Seeing someone you love die slowly, in agony, and knowing nothing about the disease that killed them is heart-breaking. This was my mother 17 years ago, and the disease was called osteoporosis.
My mother was only 72. In those days, osteoporosis, a crippling bone disease, was seldom discussed, rarely diagnosed and usually attributed to old women with so-called Dowager’s hump. My family and I watched in horror as my mother shrunk in front of our eyes.
She lost about eight inches in height and became so bent she was unable to digest her food properly, leaving her with no appetite at all.
The local GP was kind and sympathetic, but he, like us, was able to do little to alleviate the terrible pain Mama suffered so stoically.
In her later years, she could not breathe without oxygen or totter around her beloved garden on her Zimmer frame.
I believe that the quality of her life became so dismal, and her suffering so unbearable, that she just gave up the fight and lost the will to live.
Like many others, we were totally ignorant of the facts that lay behind my mother’s agony. Why did her bones break so easily and why did she shrink so fast? I needed to know the answers, and this quest led me to the National Osteoporosis Society.
This charity is unique in giving help and advice to sufferers and their families as well as looking after its 25,000 members. In due course, they asked me to become their patron — and later their president — and since then we have worked together on many projects all over Britain.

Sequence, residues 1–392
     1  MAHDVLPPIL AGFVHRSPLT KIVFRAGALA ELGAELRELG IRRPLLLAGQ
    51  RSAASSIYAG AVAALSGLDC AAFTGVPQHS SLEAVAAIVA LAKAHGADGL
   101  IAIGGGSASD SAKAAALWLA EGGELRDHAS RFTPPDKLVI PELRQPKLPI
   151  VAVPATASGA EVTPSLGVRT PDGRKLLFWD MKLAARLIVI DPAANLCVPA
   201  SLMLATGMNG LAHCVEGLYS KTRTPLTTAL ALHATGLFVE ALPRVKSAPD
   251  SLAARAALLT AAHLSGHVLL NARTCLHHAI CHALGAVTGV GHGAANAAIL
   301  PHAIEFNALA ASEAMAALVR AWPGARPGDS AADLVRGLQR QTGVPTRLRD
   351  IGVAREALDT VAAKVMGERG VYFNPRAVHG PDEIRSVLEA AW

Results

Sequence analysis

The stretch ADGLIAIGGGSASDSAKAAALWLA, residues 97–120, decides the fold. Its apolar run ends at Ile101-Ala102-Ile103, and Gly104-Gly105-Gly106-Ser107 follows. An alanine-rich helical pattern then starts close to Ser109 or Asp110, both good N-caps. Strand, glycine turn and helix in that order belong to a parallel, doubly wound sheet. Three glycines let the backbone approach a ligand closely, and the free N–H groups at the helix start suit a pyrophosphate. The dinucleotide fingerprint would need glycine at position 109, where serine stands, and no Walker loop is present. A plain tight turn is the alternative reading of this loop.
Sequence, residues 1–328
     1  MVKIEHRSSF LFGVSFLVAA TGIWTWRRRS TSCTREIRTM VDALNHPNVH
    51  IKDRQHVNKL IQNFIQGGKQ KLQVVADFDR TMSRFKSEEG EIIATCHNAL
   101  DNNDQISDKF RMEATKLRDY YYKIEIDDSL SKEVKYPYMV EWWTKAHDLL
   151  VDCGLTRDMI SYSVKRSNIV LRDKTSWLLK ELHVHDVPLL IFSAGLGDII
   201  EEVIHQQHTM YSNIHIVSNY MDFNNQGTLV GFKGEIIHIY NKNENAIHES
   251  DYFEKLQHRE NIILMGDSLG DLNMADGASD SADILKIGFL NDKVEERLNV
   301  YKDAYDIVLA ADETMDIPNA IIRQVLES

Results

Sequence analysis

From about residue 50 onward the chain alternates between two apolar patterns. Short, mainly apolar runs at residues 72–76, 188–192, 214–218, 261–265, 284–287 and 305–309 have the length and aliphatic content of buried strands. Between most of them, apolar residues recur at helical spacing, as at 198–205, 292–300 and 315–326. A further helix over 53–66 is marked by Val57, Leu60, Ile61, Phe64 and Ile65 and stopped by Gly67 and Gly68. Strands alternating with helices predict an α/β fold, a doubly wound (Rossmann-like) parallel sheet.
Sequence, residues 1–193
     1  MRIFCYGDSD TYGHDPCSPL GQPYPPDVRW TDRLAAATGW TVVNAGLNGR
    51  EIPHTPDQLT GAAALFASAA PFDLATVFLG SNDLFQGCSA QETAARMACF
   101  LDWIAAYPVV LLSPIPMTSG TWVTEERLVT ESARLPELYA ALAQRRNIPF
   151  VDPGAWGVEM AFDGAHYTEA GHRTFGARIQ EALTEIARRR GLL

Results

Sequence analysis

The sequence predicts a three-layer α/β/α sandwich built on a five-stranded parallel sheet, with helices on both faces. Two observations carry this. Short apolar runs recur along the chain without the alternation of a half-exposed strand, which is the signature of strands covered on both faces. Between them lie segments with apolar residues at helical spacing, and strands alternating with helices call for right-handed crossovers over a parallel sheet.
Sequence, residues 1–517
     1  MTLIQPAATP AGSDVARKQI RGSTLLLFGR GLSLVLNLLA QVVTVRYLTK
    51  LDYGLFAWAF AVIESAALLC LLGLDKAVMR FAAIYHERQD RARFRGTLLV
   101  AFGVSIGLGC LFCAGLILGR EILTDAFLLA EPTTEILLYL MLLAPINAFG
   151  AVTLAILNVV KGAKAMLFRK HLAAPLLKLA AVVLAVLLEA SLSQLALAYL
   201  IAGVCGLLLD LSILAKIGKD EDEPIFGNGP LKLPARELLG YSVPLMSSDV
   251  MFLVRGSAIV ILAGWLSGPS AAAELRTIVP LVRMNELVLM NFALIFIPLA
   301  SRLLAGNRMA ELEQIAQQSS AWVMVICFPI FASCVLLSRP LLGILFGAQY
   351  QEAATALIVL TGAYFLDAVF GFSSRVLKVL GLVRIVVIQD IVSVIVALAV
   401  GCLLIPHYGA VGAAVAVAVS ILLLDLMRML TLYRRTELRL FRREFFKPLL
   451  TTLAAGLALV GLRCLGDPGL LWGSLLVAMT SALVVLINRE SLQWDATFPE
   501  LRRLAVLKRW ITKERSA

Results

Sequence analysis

It was my first ever patronage, and I’m happy to say I am still flying the flag — even to the point of dancing the cha cha with Strictly Come Dancing’s Craig Revel Horwood, one of our recent patrons!
But as the research into osteoporosis has unfolded, the horrific statistics show that half of all women and one in five men (yes, men have it, too) over 50 will suffer a fracture.
Every year there are more fractures due to fragile bones than there are heart attacks, and it costs a staggering £6 million a day in hospital and social care for hip fractures alone.
Thousands of people in Britain are living in fear, frightened even to leave their own house in case they fall. A hip fracture is all too often the final destination of a 30-year journey of multiple fractures, fuelled by decreasing bone strength and warning signs being ignored.
But all is not gloom and doom — huge strides are being made. Thanks to the National Osteoporosis Society and the wonderful medical teams and researchers, DXA bone-scanning services are increasing in hospitals all over the country, helping with early diagnosis.
Medical treatments are improving all the time and young people, at last, are being made aware that a good diet and exercise play a vital role in keeping their bones healthy.
However, we still have a mountain to climb and, as President of the National Osteoporosis Society, I can only hope we will achieve the necessary support to help reach the summit.
Only this way can we continue to give this, too often, silent disease a voice — a voice that can be heard not only in Britain, but worldwide; a voice that can deliver our children and our grandchildren from the pain and ignominy of osteoporosis that my mother, grandmother and many thousands of others suffered.